• 0.21% over 0.9 metres, starting at 748.4 metres

(True widths were unavailable for all holes.)

Four of the 10 holes confirmed the Saskatoon Lake East conductor’s location, providing a new target area parallel to the roughly three-kilometre trend hosting Shea’s four deposits. Combined, they comprise the Basin’s third-largest resource after Cameco’s McArthur River and Cigar Lake, showing:

  • indicated: 2.07 million tonnes averaging 1.48% for 67.66 million pounds U3O8

  • inferred: 1.27 million tonnes averaging 1.01% for 28.19 million pounds

Still undecided are next year’s plans for Shea Creek, where AREVA acts as project operator. UEX states work will depend on Q1 capital market conditions.

But another November 27 announcement reported a $2-million budget for three western Basin projects. Plans include about 4,000 metres of drilling to test EM conductors at the Laurie and Mirror River projects, and a 50.4-line-kilometre ground tensor magnetotelluric survey at the Erica project. Work is expected to start in January. By that time ownership will be divided approximately 49.1% by UEX and 50.9% by AREVA, again acting as operator.

Among other UEX projects, its 100%-held Hidden Bay on the Basin’s east side has three deposits totalling:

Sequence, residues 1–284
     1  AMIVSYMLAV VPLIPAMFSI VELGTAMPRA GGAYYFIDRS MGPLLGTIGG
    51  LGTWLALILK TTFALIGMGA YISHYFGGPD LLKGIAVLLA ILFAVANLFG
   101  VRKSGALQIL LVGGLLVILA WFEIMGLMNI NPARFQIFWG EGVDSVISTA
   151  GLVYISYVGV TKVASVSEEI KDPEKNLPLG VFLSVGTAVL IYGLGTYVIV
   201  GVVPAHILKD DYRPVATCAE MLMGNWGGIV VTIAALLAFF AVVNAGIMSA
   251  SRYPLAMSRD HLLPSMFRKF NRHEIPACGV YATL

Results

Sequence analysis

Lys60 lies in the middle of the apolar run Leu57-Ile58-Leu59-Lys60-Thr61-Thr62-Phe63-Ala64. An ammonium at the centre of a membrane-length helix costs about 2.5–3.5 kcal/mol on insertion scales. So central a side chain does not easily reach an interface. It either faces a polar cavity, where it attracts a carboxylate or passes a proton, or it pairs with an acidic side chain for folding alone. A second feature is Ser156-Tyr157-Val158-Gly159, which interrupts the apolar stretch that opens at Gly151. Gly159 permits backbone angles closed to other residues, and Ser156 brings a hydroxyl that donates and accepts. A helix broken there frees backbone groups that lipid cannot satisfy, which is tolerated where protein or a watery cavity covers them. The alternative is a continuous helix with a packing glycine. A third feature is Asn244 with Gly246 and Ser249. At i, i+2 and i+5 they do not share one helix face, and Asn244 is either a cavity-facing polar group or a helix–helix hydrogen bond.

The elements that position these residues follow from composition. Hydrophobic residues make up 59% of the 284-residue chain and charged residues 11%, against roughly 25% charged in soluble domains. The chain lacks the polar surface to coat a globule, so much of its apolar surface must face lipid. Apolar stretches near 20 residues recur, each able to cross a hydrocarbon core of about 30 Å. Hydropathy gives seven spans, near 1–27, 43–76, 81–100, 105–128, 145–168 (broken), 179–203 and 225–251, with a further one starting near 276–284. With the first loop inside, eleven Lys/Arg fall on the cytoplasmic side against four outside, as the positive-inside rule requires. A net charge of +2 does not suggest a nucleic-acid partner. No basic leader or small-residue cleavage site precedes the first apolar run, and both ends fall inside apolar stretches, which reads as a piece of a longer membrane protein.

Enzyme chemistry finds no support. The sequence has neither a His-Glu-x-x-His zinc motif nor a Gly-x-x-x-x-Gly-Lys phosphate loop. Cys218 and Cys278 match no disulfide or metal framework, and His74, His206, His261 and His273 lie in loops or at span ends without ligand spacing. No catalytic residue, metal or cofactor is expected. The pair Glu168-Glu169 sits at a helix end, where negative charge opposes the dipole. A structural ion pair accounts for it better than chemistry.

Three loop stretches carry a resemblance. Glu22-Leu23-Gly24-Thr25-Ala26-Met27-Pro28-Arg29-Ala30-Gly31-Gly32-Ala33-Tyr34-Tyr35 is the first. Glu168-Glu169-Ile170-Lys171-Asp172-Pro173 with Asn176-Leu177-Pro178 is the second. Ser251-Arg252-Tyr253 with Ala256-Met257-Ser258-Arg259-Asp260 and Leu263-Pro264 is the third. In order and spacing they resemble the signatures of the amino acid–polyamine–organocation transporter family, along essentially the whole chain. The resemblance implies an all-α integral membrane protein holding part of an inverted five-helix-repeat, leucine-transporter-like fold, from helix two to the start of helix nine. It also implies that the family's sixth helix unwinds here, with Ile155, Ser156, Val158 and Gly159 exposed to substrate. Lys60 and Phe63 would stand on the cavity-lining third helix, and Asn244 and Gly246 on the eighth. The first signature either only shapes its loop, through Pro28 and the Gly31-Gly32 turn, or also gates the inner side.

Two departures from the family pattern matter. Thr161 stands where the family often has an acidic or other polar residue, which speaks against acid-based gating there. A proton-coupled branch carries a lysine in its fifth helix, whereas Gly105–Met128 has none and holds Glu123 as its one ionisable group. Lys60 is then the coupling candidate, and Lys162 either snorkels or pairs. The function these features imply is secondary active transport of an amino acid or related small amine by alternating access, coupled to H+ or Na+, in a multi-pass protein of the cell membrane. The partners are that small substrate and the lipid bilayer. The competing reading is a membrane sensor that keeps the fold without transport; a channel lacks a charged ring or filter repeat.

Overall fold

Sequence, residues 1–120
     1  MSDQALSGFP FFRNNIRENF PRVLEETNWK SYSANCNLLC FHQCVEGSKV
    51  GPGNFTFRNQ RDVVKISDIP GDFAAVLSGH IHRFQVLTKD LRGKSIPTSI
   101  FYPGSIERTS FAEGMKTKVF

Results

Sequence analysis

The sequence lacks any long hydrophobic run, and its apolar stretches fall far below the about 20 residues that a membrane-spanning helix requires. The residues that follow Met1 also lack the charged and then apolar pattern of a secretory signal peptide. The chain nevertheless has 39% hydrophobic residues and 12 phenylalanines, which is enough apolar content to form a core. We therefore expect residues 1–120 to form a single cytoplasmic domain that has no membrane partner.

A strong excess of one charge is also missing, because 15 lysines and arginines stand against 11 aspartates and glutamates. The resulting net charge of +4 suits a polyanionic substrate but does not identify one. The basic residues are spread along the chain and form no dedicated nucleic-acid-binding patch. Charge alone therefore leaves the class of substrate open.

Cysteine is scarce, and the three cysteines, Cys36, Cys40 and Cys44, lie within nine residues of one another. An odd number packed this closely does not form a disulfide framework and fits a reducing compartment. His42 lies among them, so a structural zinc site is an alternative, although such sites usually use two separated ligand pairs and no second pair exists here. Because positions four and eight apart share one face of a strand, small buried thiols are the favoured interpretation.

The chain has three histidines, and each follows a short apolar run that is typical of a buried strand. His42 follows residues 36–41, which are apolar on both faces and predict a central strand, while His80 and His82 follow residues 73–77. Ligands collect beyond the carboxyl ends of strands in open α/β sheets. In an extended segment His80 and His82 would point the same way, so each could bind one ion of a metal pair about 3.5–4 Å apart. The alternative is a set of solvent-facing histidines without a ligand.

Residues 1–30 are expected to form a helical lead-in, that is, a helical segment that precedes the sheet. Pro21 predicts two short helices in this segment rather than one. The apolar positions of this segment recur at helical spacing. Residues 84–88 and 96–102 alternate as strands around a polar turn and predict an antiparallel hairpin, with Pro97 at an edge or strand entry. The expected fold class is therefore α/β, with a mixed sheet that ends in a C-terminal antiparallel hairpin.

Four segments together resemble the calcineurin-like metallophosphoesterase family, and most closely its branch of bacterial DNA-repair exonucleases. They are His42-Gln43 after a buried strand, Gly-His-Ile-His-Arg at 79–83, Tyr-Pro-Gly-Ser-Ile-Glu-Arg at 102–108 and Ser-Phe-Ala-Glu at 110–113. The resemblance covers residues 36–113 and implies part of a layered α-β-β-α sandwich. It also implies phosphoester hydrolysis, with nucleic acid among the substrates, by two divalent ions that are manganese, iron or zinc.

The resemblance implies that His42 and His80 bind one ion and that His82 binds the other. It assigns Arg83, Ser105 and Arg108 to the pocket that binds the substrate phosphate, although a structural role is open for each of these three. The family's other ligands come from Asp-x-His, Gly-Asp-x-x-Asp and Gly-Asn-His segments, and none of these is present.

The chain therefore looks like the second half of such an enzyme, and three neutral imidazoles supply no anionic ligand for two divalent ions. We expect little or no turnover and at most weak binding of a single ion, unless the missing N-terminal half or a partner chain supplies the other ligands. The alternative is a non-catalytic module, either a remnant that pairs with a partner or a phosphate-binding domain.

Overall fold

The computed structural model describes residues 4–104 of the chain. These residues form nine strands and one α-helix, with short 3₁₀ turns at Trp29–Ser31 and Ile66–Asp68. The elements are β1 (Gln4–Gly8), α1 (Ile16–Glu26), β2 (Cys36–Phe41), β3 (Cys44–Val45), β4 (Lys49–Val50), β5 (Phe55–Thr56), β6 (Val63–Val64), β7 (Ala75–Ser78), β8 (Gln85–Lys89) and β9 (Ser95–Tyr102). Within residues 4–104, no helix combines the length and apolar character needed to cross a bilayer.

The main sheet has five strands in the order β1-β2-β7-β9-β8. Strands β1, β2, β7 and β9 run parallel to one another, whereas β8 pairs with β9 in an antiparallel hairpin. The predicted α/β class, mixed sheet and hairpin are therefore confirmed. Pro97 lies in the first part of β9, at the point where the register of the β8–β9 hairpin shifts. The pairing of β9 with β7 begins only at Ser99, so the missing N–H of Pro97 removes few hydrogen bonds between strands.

• indicated: 10.37 million tonnes averaging 0.16% for 36.62 million pounds U3O8

  • inferred: 1.11 million tonnes averaging 0.11% for 2.71 million pounds

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Athabasca Basin and beyond

November 3rd, 2013

Uranium news from Saskatchewan and elsewhere for October 26 to November 1, 2013

by Greg Klein

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Alpha/Fission hit 5.98% U3O8 over 17.5 metres, including 19.51% over 5.5 metres

With so many scintillometer results announced already, assays for the same holes can be anti-climactic. But that’s the way Fission Uranium TSXV:FCU and Alpha Minerals TSXV:AMW have orchestrated their Patterson Lake South campaign, now giving observers a near sense of déjà vu. Assays from four holes announced October 29 add little to the news of August 8, although results from the lab are much more reliable than those from the hand-held radiation-detecting gizmo. The assays come from R00E, the farthest southwest of the project’s five zones.

Hole PLS13-074

  • 0.13% uranium oxide (U3O8) over 2.5 metres, starting at 65 metres in downhole depth


  • 0.09% over 2 metres, starting at 178.5 metres

  • 0.08% over 1.5 metres, starting at 183 metres

  • 0.16% over 4.5 metres, starting at 186.5 metres


  • 0.39% over 11.5 metres, starting at 59 metres

  • 0.13% over 15.5 metres, starting at 73 metres


  • 5.98% over 17.5 metres, starting at 83 metres

  • (including 19.51% over 5 metres) (Update: On November 4 the JV partners corrected the intercept width from 5.5 metres to 5 metres.)